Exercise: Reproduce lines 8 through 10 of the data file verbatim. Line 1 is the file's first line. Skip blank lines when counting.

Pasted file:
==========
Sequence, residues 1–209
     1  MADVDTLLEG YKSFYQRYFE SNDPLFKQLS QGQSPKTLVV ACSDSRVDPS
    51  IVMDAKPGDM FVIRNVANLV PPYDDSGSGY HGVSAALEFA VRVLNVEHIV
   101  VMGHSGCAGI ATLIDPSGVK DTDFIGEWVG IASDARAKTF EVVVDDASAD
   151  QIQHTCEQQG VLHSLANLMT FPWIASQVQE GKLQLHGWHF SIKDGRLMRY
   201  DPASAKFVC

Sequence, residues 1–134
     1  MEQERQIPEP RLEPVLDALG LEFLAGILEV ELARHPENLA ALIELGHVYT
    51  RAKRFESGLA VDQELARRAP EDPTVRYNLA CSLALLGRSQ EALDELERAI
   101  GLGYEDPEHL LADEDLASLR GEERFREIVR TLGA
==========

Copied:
     1  MEQERQIPEP RLEPVLDALG LEFLAGILEV ELARHPENLA ALIELGHVYT
    51  RAKRFESGLA VDQELARRAP EDPTVRYNLA CSLALLGRSQ EALDELERAI
   101  GLGYEDPEHL LADEDLASLR GEERFREIVR TLGA